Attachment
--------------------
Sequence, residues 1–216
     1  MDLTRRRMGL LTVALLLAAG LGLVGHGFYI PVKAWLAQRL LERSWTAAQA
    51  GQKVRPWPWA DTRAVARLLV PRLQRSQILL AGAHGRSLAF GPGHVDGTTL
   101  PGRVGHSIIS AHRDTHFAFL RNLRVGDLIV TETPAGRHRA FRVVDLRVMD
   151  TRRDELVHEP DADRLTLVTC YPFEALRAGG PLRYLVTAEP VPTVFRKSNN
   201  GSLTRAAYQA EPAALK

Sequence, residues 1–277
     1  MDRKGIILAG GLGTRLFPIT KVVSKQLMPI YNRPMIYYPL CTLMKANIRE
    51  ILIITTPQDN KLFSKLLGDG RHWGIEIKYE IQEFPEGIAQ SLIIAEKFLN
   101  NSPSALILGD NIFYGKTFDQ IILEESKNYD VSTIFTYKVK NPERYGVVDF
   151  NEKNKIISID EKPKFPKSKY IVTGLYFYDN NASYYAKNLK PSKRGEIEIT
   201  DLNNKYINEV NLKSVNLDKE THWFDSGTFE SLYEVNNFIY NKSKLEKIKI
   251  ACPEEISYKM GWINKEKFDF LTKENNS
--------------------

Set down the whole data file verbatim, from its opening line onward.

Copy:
Sequence, residues 1–216
     1  MDLTRRRMGL LTVALLLAAG LGLVGHGFYI PVKAWLAQRL LERSWTAAQA
    51  GQKVRPWPWA DTRAVARLLV PRLQRSQILL AGAHGRSLAF GPGHVDGTTL
   101  PGRVGHSIIS AHRDTHFAFL RNLRVGDLIV TETPAGRHRA FRVVDLRVMD
   151  TRRDELVHEP DADRLTLVTC YPFEALRAGG PLRYLVTAEP VPTVFRKSNN
   201  GSLTRAAYQA EPAALK

Sequence, residues 1–277
     1  MDRKGIILAG GLGTRLFPIT KVVSKQLMPI YNRPMIYYPL CTLMKANIRE
    51  ILIITTPQDN KLFSKLLGDG RHWGIEIKYE IQEFPEGIAQ SLIIAEKFLN
   101  NSPSALILGD NIFYGKTFDQ IILEESKNYD VSTIFTYKVK NPERYGVVDF
   151  NEKNKIISID EKPKFPKSKY IVTGLYFYDN NASYYAKNLK PSKRGEIEIT
   201  DLNNKYINEV NLKSVNLDKE THWFDSGTFE SLYEVNNFIY NKSKLEKIKI
   251  ACPEEISYKM GWINKEKFDF LTKENNS